No one expects today’s rudimentary quantum computers to be up to the challenge of the punishingly long Hamiltonians required to simulate the real deal. But now is the time to start chiseling away at them bit by bit, Gharibyan believes, in preparation for the arrival of more capable machines. He expects that some might try machine learning again, this time perhaps rewarding the algorithm when it returns chaotically scrambling, non-commuting Hamiltonians and penalizing it when it doesn’t. Of the resulting models, any that still have perfect size winding and pass other checks will become the benchmark models to drive the development of new quantum hardware.
If quantum computers grow while holographic Hamiltonians shrink, perhaps they will someday meet in the middle. Then physicists will be able to run experiments in the lab that reveal the incalculable behavior of their favorite models of quantum gravity.
“I’m optimistic about where this is going,” Gharibyan said.
I had thought that perhaps this fiasco would cause the Quanta editors to think twice, talk to skeptical experts, and re-report the original credulous story/video. Instead, it looks like their plan is to double down on the “quantum gravity in the lab” hype.
Update: Two more related pieces of wormhole news.
- On Friday Harvard will be hosting a talk on the non-wormhole.
- In this preprint Maldacena argues for another example of how to do quantum gravity in the lab, by doing a QM calculation on a quantum computer that will “have created something that behaves as a black hole in the laboratory” (no wormholes, just black holes). The calculation he suggests involves not the newer SYK model, but the ancient BFSS matrix model from 27 years ago, which at the time got a lot of attention as a possible definition of M-theory.
Update: The Harvard CMSA talk about the wormholes is available here. I didn’t see anything in the slides about the Yao et al. criticism of this work. In the last minute of the video there was a question about this, and some reference to the criticism having been addressed during the talk. Supposedly there was some quick verbal summary of this response to the criticism in this last minute, but the sound was so garbled I couldn’t understand it. Here’s the automatically generated transcript:
so I guess I guess um we’re talking about like at the time of interpretation you do see this
operating ghost in kind of declare the two-point function if you’re looking for at later times you can ask about
different kind of scenarios one is accepting the single-sided systems what it’s doing it’s like internal reversible
verbal hamiltonian and you see thermalizing Dynamics in the library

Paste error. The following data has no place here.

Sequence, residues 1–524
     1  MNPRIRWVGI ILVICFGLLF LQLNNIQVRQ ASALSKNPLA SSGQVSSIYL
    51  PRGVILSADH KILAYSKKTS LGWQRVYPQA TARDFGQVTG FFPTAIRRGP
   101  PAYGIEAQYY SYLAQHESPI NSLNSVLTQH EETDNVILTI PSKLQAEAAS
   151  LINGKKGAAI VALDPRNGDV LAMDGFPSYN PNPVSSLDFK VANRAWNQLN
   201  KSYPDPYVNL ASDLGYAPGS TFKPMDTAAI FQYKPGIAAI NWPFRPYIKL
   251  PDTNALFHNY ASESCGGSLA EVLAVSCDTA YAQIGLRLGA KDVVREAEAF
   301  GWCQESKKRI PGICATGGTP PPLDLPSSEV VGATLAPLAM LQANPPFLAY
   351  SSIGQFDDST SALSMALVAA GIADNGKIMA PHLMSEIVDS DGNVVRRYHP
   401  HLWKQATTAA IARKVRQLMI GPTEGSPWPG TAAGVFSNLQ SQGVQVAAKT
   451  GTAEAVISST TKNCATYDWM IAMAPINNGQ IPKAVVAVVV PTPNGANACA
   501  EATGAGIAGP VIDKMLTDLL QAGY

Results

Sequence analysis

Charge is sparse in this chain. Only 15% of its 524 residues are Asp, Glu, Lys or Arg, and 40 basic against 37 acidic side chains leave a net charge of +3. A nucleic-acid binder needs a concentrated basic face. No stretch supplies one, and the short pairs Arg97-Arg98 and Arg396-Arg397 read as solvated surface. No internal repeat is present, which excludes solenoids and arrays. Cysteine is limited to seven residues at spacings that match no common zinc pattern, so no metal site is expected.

um perhaps also the size winding uh although it’s not necessarily required
for all of your fermions to show size winding because you have done gravitational attractions in your model we do see impact that all the pronouns
have quite good size winding they’re good enough to allow them to teleport to size binding but the time and size
binding is clearly related to like the the rate of Decay the two-point function and so it seems to actually lend itself
to an even tighter kind of interpretation where would you associate different masses through different
permeons and this is quite consistent that is
Someone with more patience and interest in this perhaps can carefully follow the talk and report what the response to the Yao et al. criticism actually was.
Update: A response by the original authors to Yao et al. has been posted as “Comment on “Comment on “Traversable wormhole dynamics on a quantum processor” ” “. From the abstract, the claim seems to be that the results of the toy model calculation are “consistent with a gravitational interpretation of the teleportation dynamics, as opposed to the late-time dynamics”, and that this is not in conflict with the objections by Yao et al. These objections are described as “counterfactual scenarios outside of the experimentally implemented protocol.” The odd thing here is the description of the quantum computer calculation as a “factual” experimental result, part of an “experimentally implemented protocol”. The quantum computer calculation was not an experiment but a calculation, with a known-in-advance result (the calculation done previously on a classical computer). The criticisms of Yao et al. aren’t “counterfactual” to an experimental protocol, but challenging the interpretation of a calculation. As far as I can tell, this whole discussion is about how to interpret simple calculations you can do on any conventional computer, nothing to do with an “experiment”.